“One of the men burned my legs with a cigarette. I screamed, and they cursed me. I spent four days in this prison in a dark room with a single bed and cockroaches. They took me to the bathroom only once a day and did not allow me to call my mother. During the four days they tried to ‘treat’ my ‘sickness’ with verses of the Koran. I was hopeless and in despair. I was only 19. After four days they forced me to confess: They dictated to me a statement saying I’d committed a blasphemy and wouldn’t do it anymore. I was so afraid, I signed it. Then I was released but remained under police supervision.
“They took my file to the health branch of the University of Shahid Beheshti and assigned me to two women psychologists who ‘treated’ me for six months. They tried to convince me that I was falsely inculcating myself with the notion that my attraction is only to females. At the end of this ‘treatment,’ they offered to change my sexuality through surgery, and later ordered me to have it. ‘No,’ I said. ‘I’m Maryam, a girl, and I do not want to be a man!' The female doctor told me, ‘If you don’t change your sexuality and you continue unlawful acts, your future will be a death sentence.’
“Six more months passed, and I was still under the control and supervision of the Ministry of Intelligence. I lost my desire to continue living, as life had no meaning to me anymore, and I wanted to commit suicide, because I had no hope. I was rejected and banished from society. I took a handful of tranquilizers to end my life. I was almost unconscious when I heard my mother’s screaming, while she took me to the hospital. After my mother saved me, I decided to leave the country. I found a smuggler who helped me to go to Turkey.
“I had been saving my money since I had worked in that business company. My mother also helped me financially. I was 21 years old when I left the country by bus two years ago. After two days I was in Turkey. The smugglers stole my passport. From Turkey I went to Greece, then Bulgaria. I had to change vehicles several times, from cars to trucks. And I had to hide in the back of the vehicles. At borders I had to be silent. I finally arrived in France, where I was left in the small city of Alençon, about 100 miles west of Paris.
“I spent the first night in a telephone cabin, then the next day I presented myself at a police station. The French police treated me very nicely. But then they put me in an internment camp, where I now live. We are given a subsistence income of 300 euros each month. I have to extend my temporary resident card every three months. But I’m afraid that I’ll be refused asylum and deported.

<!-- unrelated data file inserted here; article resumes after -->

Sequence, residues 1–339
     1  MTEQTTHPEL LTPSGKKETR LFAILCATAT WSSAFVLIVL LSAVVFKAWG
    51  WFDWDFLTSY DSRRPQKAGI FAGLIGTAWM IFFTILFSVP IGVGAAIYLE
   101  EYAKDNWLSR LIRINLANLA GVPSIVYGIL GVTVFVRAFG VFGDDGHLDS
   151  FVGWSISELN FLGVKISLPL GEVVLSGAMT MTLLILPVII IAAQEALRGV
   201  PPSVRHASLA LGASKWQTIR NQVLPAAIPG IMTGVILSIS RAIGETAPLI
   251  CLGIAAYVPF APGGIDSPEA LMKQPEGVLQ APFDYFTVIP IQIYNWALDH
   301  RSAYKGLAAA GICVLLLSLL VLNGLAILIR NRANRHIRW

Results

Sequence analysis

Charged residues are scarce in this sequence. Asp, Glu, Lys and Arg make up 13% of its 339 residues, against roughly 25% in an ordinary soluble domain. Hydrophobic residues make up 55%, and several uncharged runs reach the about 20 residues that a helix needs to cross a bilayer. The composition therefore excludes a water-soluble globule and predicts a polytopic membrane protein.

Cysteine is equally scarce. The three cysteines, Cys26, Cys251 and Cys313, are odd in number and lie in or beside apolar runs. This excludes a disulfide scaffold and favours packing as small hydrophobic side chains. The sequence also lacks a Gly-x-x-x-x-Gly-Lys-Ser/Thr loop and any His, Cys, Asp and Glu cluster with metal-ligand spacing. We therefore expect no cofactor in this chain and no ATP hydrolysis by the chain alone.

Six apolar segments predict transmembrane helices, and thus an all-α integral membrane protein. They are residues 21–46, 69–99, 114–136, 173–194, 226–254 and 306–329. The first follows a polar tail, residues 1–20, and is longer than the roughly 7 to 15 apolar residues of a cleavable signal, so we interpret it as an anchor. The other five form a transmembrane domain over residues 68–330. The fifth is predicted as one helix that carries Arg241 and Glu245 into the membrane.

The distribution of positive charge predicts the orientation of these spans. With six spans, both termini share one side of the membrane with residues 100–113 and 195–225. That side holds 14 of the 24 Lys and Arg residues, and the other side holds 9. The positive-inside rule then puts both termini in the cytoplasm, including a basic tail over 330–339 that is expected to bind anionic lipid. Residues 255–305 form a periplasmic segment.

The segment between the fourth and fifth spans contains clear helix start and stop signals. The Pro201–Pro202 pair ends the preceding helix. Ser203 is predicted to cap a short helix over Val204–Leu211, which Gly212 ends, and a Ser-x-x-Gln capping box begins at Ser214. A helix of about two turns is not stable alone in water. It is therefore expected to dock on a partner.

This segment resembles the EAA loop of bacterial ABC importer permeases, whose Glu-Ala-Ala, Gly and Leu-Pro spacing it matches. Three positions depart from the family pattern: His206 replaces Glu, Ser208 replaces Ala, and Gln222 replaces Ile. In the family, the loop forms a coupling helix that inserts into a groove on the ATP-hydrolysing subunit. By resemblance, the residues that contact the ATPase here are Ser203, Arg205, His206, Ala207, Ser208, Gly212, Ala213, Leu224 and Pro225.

“The situation for gays and lesbians in Iran is not good. They can’t live the way they want to and have no rights. The government tells us that execution is the homosexual’s destiny. And lesbians have to be stoned to death. [Iranian president] Ahmadinejad’s government is much worse than the preceding one. If I'm forced to go back to Iran, I’ll definitely be executed."
For background on the new wave of anti-gay repression in Iran, see my previous articles: July 21, 2005 -- Iran Executes Two Gay Teenagers (Updated); August 11 -- Iran Sources Question Rape Charges in Teen Executions; August 12 -- Two New Gay Executions Scheduled in Iran, Says Iranian Exile Group; August 17 -- Iran's Deadly Anti-Gay Crackdown: With Two More Executions Scheduled, the Pace of Repression Steps Up.August 25 -- Iran's Anti-Gay Purge Grows: Reports of New Executions. September 8 -- Iran and the Death of Gay Activism. September 20 -- "They'll Kill Me" -- A Gay Iranian Torture Victim Speaks of His Ordeal ; September 29 -- Iranian Gays Urgently Appeal for Help ; October 5 --"Shocking New Photo of Hanging of Gay Iranian Teens"; October 6 -- Canada Introduces UN Resolution Condemning Iran's Human Rights Record; November 24, "Save Us"-- A Gay Iranian Who Married His Partner Begs for Help from the West ; January 12, 2006 -- "Kidnapped: Another Gay Iranian Torture Victim Speaks"; January 4, 2006 -- "Iran's Anti-Gay Pogrom"; January 27, 2006 -- "A Call to Solidarity: U.S. Gay Groups Must End Their Isolationism; February 8, 2006 -- "An Iranian Trans Torture Victim Speaks from Inside Iran." February 9, 2006--Stop the Deportation of Saba Rawi; March 3, 2006-- "Dutch to End Freeze on Deportation of Gay Iranians"; March 4, 2006-- "Commotion in Dutch Parliament Over Deportation of Gay Iranians."; March 16, 2006-- "England: Another Gay Iranian Faces Deportation"; April 20, 2006-- "Dutch Deportations of Gay Iranians on Hold"; April 26, 2006-- "iran Hacks Websites to Bury Anti-Gay Pogrom"; May 31, 2006-- "Iran Exports Anti-Gay Pogrom to Iraq"; June 14, 2006-- "An Iranian Gay Activist's Moving Plea." June 25, 2006 -- "Iran's Gay Refugees Find a Safe Haven in Canada." ; July 4, 2006 --"Global Protests July 19 To Commemorate Hanging of Two Iranian Gay Teens." July 5, 2006 -- "From Inside Iran, An Underground Gay Activist Speaks: 'If I'm Found Out, No Physical Sign of Me Will Remain'" August 3, 2006 -- "Iran: Setting the Record Straight" ; August 6, 2006 -- "From Inside Iran, a Message from the Gay 'Zine MAHA"
Also, don't miss Rob Anderson's excellent article in the New Republic, "How America's Gay Rights Establishment is Failing Gay Iranians."
August 16, 2006
UGANDA: NEW ANTI-GAY WITCH-HUNT